Sunday, 24 January 2016 : Third (3rd) Sunday of Ordinary Time, Memorial of St. Francis de Sales, Bishop and Doctor of the Church, Week of Prayer for Christian Unity (Psalm)

Liturgical Colour: Green

Psalm 18 : 8, 9, 10, 15

The Law of the Lord is perfect : it gives life to the soul. The word of the Lord is trustworthy : it gives wisdom to the simple.

The precepts of the Lord are right : they give joy to the heart. The commandments of the Lord are clear : they enlighten the eyes.

The fear of the Lord is pure, it endures forever. The judgments of the Lord are true, all of them just and right.

May the words of my mouth and the meditations of my heart find favour in Your sight, o Lord – my Redeemer, my Rock!

Sunday, 24 January 2016 : Third (3rd) Sunday of Ordinary Time, Memorial of St. Francis de Sales, Bishop and Doctor of the Church, Week of Prayer for Christian Unity (First Reading)

Liturgical Colour: Green

Nehemiah 8 : 2-4a, 5-6, 8-10

Ezra brought the Law before the assembly, both men and women and all the children who could understand what was being read. It was the first day of the seventh month. Ezra read the book before all of them from early morning until midday in the square facing the Water Gate; and all who heard were attentive to the Book of the Law.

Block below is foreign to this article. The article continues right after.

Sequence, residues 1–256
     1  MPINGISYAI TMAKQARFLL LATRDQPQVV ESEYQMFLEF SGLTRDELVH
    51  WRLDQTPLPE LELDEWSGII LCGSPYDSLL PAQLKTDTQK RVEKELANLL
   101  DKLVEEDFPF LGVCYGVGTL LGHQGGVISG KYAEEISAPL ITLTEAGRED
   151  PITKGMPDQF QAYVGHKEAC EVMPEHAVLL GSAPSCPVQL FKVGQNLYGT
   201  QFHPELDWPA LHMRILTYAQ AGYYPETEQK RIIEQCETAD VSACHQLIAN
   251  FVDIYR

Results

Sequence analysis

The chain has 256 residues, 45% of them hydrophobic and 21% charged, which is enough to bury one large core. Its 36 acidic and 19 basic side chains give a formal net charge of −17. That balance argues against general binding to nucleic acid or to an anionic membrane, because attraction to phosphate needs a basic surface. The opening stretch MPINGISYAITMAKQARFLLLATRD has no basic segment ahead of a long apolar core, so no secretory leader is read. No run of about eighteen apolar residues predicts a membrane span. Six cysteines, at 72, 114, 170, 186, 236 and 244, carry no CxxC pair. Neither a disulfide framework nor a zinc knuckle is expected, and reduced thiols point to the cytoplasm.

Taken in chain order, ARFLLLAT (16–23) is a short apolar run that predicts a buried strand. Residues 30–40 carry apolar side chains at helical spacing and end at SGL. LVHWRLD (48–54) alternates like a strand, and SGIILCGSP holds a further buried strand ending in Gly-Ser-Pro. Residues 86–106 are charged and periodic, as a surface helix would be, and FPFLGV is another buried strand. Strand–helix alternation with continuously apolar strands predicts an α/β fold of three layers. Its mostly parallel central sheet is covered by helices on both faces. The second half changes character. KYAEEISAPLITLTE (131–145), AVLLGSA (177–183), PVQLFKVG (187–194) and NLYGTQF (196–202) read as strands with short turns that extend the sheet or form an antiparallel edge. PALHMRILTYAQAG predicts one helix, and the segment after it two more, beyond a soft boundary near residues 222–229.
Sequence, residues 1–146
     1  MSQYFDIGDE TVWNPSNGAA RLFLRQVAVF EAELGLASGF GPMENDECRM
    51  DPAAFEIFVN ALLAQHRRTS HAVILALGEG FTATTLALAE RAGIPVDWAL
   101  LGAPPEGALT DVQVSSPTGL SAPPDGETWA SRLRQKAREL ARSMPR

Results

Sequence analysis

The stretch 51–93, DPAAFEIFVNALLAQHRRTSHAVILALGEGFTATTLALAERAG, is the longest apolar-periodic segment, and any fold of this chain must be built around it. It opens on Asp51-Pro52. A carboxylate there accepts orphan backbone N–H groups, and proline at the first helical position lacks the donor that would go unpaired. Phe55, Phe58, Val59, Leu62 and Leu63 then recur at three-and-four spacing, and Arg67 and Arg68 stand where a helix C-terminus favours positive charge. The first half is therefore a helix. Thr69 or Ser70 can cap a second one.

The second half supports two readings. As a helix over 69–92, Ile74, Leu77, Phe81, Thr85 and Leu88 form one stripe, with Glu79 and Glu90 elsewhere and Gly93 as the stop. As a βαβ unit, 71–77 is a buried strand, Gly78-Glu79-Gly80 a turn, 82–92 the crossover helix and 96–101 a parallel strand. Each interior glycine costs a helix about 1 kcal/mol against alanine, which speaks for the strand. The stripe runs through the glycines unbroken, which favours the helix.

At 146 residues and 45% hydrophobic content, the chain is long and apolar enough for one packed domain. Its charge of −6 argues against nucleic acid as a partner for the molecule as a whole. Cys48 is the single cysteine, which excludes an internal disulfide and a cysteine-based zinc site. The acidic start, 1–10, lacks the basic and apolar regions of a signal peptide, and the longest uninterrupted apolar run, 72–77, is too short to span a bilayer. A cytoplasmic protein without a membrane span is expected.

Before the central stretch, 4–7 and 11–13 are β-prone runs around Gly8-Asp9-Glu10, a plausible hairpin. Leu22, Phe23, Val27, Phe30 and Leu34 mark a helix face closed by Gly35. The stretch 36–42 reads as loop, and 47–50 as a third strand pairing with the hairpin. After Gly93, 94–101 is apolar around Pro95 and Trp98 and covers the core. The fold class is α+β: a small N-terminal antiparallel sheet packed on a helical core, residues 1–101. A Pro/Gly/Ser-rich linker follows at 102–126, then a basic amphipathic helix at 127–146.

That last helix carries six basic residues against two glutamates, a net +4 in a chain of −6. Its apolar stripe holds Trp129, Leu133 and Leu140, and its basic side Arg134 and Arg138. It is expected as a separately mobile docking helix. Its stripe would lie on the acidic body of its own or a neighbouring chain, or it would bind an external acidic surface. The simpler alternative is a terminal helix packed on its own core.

Ezra, the teacher of the Law, stood on a wooden platform built for that occasion. He opened the book in the sight of all the people, for he was in a higher place; and when he opened it, all the people stood. Ezra blessed YHVH, the great God; and all the people lifted up their hands and answered, “Amen! Amen!” And they bowed their heads to the ground.

They read from the Book of the Law of God, clarifying and interpreting the meaning, so that everyone might understand what they were hearing. Then Ezra, the teacher of the Law said to the people, “This day is dedicated to YHVH, your God, so do not be sad or weep.”

He said this because all wept when they heard the reading of the Law. Then he said to them, “Go and eat rich foods, drink sweet wine and share with him who has nothing prepared. This day is dedicated to the Lord, so do not be sad. The joy of YHVH is our strength.”